Cranchi’s take on the retro concept, though typically Italian, has a slightly different twist to its contemporaries. As its designer, Christian Grande, puts it, this boat combines both traditional and contemporary themes. He has reinterpreted the traditional concept by introducing some distinguishing and markedly modern traits, such as a vertical stem, long side windows and the absence of hull flare – as seen on pretty much all 1960s-lookalike powerboats. 

The end result is the E26 Classic, a 7.85m day cruiser-cum-superyacht tender. Its eye-catching sophisticated looks and its unique style based on a balance of vintage and contemporary lines, though obviously Italian, are a new take for this established Italian yard.

Its internal design focuses on a contrast between shiny and matt, rigid and solid materials – like that of a luxury car. With a reasonable degree of beam, losing no internal space to a flared bow, and designed with a vertical stem, the E26 has a sensible degree of internal accommodation for a 26ft sports boat whose design is based on a long cockpit. Though it is unlikely to be used much as a weekender, its double convertible V berth and sea toilet mean you can overnight should the need arise. A 50L fridge also sits below deck. Unusually, the accommodation is not separated from the cockpit by a door and bulkhead, which, considering this boat’s Med focus, actually makes reasonable sense.

Of course, a boat like this is built for external fun, and this is obvious in its full-beam teak-lined cockpit, big sun pad and long full-beam bathing platform. The helmsman and navigator can enjoy the security of a pair of reversible armchair seats, while any guests, if not sprawled out on the sun pad, have an L-shaped bench seat. This is all complemented by a small central dinette table, and a fold-away bimini when needed. Under one of the seats sits an igloo cool box for those extra refreshments, and a sink is located next to the navigator.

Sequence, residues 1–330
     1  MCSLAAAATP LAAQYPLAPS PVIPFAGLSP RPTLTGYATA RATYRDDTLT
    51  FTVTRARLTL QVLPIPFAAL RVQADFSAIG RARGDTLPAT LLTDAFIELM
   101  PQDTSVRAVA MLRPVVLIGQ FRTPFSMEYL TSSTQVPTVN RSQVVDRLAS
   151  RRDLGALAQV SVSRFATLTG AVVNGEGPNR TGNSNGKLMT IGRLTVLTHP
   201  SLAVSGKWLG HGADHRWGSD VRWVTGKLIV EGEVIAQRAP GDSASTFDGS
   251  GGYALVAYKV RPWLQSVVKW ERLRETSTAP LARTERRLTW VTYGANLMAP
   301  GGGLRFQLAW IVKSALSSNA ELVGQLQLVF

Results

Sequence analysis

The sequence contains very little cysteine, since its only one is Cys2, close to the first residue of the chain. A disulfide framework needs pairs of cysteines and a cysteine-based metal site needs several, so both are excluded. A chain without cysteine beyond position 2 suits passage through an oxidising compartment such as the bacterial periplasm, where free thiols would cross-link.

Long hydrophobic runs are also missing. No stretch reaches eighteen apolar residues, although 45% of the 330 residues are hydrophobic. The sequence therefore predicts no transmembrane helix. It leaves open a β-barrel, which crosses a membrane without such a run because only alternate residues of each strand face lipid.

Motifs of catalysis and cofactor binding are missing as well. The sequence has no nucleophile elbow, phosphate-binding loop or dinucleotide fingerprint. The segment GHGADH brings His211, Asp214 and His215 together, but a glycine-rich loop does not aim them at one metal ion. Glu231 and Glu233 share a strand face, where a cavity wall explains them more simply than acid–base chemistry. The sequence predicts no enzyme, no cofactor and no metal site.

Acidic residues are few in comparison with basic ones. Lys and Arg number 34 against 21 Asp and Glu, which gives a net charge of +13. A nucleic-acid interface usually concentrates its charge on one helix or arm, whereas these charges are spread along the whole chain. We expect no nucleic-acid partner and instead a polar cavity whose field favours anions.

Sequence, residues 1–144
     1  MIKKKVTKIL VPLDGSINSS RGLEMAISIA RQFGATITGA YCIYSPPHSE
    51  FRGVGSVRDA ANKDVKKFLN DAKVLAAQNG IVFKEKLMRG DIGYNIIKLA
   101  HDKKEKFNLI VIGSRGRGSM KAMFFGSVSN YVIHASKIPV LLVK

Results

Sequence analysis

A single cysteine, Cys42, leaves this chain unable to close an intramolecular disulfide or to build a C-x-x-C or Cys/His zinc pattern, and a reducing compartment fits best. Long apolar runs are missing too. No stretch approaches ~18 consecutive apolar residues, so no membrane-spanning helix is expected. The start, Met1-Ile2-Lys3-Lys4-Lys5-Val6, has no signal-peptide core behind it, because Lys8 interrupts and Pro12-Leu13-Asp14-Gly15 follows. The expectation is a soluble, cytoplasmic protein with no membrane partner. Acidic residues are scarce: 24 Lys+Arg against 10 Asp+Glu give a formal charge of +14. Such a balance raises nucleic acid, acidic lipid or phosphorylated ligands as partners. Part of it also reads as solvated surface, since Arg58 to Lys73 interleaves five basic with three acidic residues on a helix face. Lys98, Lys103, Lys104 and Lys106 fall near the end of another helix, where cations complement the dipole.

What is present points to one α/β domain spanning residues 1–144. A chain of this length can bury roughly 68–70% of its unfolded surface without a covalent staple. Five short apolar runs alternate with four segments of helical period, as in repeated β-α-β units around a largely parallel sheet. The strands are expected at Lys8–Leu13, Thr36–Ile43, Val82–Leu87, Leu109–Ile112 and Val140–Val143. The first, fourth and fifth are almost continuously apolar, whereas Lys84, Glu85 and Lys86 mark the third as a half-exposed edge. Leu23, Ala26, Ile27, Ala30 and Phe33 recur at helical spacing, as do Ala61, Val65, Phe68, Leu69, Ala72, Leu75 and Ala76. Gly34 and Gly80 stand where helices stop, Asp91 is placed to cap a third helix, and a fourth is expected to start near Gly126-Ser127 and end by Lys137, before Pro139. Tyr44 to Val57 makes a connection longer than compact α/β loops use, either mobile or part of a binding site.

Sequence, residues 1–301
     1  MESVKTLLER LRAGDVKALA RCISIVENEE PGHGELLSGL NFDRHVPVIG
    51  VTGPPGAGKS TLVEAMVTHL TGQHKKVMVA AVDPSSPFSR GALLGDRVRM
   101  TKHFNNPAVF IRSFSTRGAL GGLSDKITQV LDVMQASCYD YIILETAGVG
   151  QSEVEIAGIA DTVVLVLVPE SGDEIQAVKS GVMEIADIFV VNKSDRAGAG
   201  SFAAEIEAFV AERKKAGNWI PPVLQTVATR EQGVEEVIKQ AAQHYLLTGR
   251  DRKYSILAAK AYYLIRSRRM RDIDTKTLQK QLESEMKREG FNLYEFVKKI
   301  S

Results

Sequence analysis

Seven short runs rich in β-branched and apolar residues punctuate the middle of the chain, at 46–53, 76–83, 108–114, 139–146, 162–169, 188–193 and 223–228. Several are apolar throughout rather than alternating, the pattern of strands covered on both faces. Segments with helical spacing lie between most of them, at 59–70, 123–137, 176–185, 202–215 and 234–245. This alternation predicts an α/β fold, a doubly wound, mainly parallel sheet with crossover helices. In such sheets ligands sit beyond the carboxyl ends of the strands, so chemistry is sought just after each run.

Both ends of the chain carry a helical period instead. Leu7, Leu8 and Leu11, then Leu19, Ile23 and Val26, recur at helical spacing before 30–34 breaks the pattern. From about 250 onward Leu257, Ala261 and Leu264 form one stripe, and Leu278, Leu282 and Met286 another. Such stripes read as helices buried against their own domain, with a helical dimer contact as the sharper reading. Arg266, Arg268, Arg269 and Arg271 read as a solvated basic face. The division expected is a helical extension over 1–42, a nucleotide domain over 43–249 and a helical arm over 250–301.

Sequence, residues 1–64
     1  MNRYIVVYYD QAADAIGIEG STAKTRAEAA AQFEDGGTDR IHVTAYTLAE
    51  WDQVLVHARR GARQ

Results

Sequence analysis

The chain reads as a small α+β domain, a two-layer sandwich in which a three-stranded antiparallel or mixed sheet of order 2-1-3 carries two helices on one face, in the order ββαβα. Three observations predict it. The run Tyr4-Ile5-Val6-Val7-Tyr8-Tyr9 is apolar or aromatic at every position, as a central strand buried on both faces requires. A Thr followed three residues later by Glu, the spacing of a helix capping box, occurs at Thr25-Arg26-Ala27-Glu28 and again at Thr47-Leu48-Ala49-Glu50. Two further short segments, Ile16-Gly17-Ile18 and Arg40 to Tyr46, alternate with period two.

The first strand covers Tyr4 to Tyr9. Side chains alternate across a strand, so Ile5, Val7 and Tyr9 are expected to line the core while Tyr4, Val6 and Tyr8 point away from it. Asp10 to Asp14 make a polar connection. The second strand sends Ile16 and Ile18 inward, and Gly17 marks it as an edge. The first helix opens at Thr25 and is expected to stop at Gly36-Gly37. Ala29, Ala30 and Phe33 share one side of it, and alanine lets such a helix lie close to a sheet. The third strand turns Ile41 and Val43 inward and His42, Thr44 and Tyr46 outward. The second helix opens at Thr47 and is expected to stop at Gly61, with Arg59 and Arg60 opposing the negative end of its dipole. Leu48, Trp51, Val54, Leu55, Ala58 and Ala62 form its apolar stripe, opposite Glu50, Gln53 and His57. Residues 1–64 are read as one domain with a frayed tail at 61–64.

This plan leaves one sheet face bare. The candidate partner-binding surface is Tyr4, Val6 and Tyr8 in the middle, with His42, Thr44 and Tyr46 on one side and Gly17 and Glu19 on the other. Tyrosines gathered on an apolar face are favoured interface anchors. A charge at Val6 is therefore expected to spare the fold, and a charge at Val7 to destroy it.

With its full-beam wrap-around tinted windscreen, foredeck access is courtesy of some neat teak steps leading up to a gate in the windscreen. A central teak section takes you to a large teak-capped anchor locker and a pair of drop-down cleats – a sensibly safe feature. What is obvious is that fashion has taken priority over form to some degree, as there are no spring cleats, and the only method of securing fenders between the bow and stern appears to be two small button-like fixing points.

The boat is powered by either a stern-driven 300hp Volvo Penta V8 petrol engine or the smaller 280hp Volvo V6. These are great purpose-built marine engines, rather than marinised automotive engines. Consequently they are light and compact, making them ideal for a 26ft sports boat. There may be a diesel option, but if there is, I can’t help but feel it would spoil the boat’s character. There is also an outboard bowrider version known as the E26 Rider, which, though it loses some of the traditional character of the E26 Classic, is likely to be just as appealing.


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